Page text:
Paulina Olowska

Squelchy Garden Mules and Mamunas


On until 6 January 2024

In this season’s fad for staging mythical woodland scenes in the gallery, Olowska’s project stands out for using the human form unadulterated. In outsized oil paintings, paper collages, and even on mannequins, Olowska models the forest adventures of a cast of five stereotypically Slavic children. They climb trees, sail down the mountain river on log rafts, and forage about in late winter landscapes. A series of quirky video objects set in hand-carved frames typical of Tatra mountain handicraft has them prostrated for the camera and provides a wild soundtrack to the exhibition.

Olowska is known for her investment in the mountain mythos and the 1930s artist villa in Poland which she renovated has inspired such interest in numerous others, including some of Europe’s best-known art collectors. But that the folk rituals – the springtime drowning of Marzanna, the straw effigy of winter and death, for example – flagged up by the gallery text check out does not compensate for the exhibition’s lacklustre curation. It should be within the resources of Pace and Olowska’s experience to advance her legend beyond the discretely marketable. Presented without context, the work enchants little.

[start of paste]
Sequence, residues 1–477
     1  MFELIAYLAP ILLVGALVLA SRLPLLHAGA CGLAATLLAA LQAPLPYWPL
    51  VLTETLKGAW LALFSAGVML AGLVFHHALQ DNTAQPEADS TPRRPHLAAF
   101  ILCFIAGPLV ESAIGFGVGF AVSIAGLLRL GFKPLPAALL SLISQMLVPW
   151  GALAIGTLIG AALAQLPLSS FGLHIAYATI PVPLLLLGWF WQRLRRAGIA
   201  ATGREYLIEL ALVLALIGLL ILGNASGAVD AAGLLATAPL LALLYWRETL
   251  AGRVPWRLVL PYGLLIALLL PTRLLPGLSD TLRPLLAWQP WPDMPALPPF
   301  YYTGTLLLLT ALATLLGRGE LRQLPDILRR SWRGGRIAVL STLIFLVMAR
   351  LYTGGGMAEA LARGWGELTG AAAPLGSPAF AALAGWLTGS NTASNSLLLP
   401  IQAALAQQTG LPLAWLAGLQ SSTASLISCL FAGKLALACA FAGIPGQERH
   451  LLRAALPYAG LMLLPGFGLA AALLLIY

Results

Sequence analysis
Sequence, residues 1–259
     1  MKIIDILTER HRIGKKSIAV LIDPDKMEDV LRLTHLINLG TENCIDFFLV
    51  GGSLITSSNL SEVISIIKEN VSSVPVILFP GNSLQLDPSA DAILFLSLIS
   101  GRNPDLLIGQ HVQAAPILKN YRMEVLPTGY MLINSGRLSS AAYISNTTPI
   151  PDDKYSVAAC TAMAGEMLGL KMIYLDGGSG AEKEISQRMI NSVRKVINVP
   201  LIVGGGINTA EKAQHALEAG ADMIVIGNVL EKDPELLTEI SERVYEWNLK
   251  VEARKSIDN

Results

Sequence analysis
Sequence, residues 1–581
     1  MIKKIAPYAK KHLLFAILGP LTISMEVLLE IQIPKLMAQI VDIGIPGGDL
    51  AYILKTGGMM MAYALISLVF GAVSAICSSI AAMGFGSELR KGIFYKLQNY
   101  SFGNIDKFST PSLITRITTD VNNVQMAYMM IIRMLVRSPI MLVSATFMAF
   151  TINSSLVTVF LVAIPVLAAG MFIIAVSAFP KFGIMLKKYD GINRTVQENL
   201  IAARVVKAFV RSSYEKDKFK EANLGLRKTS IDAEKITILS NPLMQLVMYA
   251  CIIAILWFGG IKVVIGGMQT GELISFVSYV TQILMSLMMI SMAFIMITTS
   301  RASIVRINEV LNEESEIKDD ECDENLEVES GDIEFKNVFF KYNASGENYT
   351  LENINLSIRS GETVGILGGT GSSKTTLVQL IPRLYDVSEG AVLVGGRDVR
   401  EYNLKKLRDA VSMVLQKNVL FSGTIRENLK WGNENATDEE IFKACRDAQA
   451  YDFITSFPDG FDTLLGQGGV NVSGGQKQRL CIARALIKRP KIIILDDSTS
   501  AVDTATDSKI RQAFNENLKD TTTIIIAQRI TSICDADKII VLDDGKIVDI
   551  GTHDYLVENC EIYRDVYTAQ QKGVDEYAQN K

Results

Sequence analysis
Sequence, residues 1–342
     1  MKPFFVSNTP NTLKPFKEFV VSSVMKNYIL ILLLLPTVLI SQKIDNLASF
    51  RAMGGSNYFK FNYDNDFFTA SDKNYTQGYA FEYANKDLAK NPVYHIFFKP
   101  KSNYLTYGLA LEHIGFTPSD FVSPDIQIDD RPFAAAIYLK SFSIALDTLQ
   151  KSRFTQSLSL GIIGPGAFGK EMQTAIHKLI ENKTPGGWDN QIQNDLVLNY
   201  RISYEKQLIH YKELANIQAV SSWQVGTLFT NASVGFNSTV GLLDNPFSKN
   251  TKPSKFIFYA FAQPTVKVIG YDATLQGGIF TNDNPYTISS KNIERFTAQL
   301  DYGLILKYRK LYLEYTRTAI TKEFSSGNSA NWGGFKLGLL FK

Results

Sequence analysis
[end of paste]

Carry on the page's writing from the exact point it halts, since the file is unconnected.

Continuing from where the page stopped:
notes and notices are short and curt exhibition reviews. Read more:

Deimantas Narkevičus, The Fifer at Maureen Paley ★★☆☆☆

Deimantas Narkevičus

The Fifer


In the age of the decolonial, this is as quaint as it is outmoded

Stuart Middleton, The Human Model at Carlos/Ishikawa ★★☆☆☆

Stuart Middleton

The Human Model


An interest in material is core to this practice but Middleton mistrusts his instincts.

Odoteres Ricardo de Ozias at David Zwirner ★★★☆☆

Odoteres Ricardo de Ozias


These images are perfectly charming even to a viewer possessed of a cold anthropological eye. The troubling part is in realising just how far ‘outside’ the ideas are.

Jenkin van Zyl, Dance of the Sleepwalkers at Edel Assanti ★★★☆☆

Jenkin van Zyl

Dance of the Sleepwalkers


Ring 1 for “Grief”, and it’s flat 7 for “Garbage”.

Ron Nagle, Conniption at Modern Art ★★★★★

Ron Nagle



Less is more, as the saying goes. Nagle’s porcelain and resin maquettes are the bare minimum.

Christo, Early Works at Gagosian Open ★★★★☆


Early Works


To appreciate Christo’s early works against his wishes, one must forget his later stunts.